We were on Episode 4 of The VERY UNofficial AICP Study Guide Podcast talking about our tips and tricks for structuring your study time, managing your time and anxieties on test day, and getting yourself as ready as possible to pass the exam (and add those 4 coveted letters to the end of your name!).
To listen to our advice, catch the podcast episode here.
Without further ado, here are the highlights from our sit down with Jonathan:
How far in advance should someone start preparing for the exam?
We HIGHLY recommend shooting for the expedited review window and once approved to take the exam, start formulating a study plan as soon as possible. If you apply in the general application window, start studying as soon as you can - don’t wait until the official approval letter to begin. Start identifying what study resources you’re going to use and mapping out your study time in the months leading up to the exam. This will give you the most time possible, which we believe is the most important study strategy.
Is it better to pace out studying a little every day or set aside full days to load up on material?
We recommend pacing out your studying time to avoid getting burned out. Mix in various study methods to keep things fresh: study guides, flashcards, timelines, practice quizzes, practice tests, and so on. Changing it up will keep you from getting overwhelmed (or bored).
Pacing also lets you study in between things, like on your bus commute to work, instead of dedicated 3 hours stuck in a library.
We’ve tried to mix and match our product offerings to match the highs and lows of your studying process. For long-form study content (aka over 100 pages of AICP study material), we offer the Comprehensive Planning Study Guide. If you need quick, digestible material, we’ve provided supplements on the most important (and harder to memorize) information like case law, significant people, and planning dates. Check them out in our store. And just recently, we launched practice exams and practice quizzes.
Do you have any tips on how to budget your time?
Study the big topics first. The way our study guide is set up, users get a comprehensive understanding of each of the big five study areas. Once you have a general understanding of the big five areas, start mixing in new study methods. (flashcards, quizzes, etc.)
Exams and quizzes are great ways to test yourself on your retention and memorization of the study material. Or you can start your studying journey by taking a test to analyze your knowledge of the topic areas which helps you know which Big Five categories need more or less of your attention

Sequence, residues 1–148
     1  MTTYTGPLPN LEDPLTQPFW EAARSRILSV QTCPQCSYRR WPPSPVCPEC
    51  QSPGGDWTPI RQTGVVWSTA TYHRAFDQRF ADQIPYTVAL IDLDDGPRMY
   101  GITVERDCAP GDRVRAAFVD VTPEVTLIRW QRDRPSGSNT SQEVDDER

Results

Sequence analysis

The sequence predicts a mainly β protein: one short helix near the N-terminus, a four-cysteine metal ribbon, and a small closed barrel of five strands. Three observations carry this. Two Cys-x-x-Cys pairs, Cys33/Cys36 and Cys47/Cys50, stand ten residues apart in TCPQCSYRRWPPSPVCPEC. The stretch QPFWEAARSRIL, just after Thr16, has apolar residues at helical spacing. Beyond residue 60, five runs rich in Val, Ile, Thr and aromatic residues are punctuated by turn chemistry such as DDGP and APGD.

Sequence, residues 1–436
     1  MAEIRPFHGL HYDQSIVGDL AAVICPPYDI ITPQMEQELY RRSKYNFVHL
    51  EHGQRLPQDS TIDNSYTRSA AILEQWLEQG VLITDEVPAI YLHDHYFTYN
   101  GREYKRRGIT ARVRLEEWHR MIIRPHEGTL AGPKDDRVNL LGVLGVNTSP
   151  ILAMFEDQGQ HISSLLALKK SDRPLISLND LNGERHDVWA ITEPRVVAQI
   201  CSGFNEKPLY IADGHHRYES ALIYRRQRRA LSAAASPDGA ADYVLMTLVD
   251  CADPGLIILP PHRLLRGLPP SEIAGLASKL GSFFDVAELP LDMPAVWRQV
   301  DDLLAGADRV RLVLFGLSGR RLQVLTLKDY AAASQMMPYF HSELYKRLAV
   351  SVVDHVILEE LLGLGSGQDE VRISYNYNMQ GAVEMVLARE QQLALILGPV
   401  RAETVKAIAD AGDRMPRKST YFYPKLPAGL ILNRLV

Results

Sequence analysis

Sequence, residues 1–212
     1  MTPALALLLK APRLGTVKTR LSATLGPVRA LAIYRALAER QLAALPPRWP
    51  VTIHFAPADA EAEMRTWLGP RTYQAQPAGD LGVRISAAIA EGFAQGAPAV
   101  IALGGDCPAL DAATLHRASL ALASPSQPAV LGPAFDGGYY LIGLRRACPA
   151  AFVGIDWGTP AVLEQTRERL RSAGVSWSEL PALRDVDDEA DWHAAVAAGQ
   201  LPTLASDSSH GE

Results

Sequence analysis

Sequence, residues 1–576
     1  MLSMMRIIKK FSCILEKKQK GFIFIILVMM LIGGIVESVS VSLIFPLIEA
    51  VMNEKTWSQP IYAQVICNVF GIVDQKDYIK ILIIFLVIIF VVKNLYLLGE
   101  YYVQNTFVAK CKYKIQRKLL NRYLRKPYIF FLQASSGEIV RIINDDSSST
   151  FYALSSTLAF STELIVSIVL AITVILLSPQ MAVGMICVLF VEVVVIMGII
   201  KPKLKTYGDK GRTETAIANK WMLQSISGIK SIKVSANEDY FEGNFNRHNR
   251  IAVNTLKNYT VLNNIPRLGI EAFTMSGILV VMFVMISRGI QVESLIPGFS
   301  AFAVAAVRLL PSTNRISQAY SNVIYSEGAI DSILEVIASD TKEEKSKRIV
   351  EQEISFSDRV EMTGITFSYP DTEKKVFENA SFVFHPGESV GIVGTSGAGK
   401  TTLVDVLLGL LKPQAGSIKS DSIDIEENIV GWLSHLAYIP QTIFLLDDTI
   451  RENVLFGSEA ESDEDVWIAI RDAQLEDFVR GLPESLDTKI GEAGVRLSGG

Designate a few days in your study plan as “mock test days” to check your progress on the topic areas and try to mirror the real test-taking process as close as possible. Time yourself and take it in a quiet room.
Do you have any tips on how to organize the material for studying? By topic? By timeline?
Organize studying by the Big Five categories. Plan Making and Areas of Practice make up 60% of the exam alone, so start there. With the Leadership category only comprising 5% of the exam, that’s a lower priority.
Understanding the timeline and general planning dates will also be important to focus on that next. This rote memorization pieces will not only give you a general understanding of the material but also helps put it all into context. For instance, cases help linear path through concepts.
Do you have any advice for test day?
In order to anticipate what to expect at the testing center, know that you will be required to leave your belongings (except for your ID) in a locker. A pencil and scrap of paper will be provided by the test center. Calculations will be completed on your scratch paper or the calculator on the computer (this means the math questions can’t be too hard). Remember to eat and drink prior to the exam. You won’t be allowed snacks as you test, which can take up to 3.5 hours!
Everyone is taking a different exam so when they finish has no bearing on you. When I took my exam, people were leaving faster than I was and it made me nervous that I was doing something wrong. Then I remember that people are in the room taking the LSAT, GED, and really any standardized test. So keep your head down and focus. Don’t judge yourself against the others in the room.
Don’t second guess yourself. Answer a question and move on. If your hesitant, mark it as “Review” which is a feature in the testing platform. This way you’re progressing in the exam but you can go back and check your work. Most times, you’re right the first time so don’t spend time overthinking.
When it comes to the Ethics questions, remember to think of the best response based on the Code of Ethics. This is not just what YOU as a planner would do. Since the test is multiple-choice, the right answer will always be in front of you. You’re looking for the BEST answer.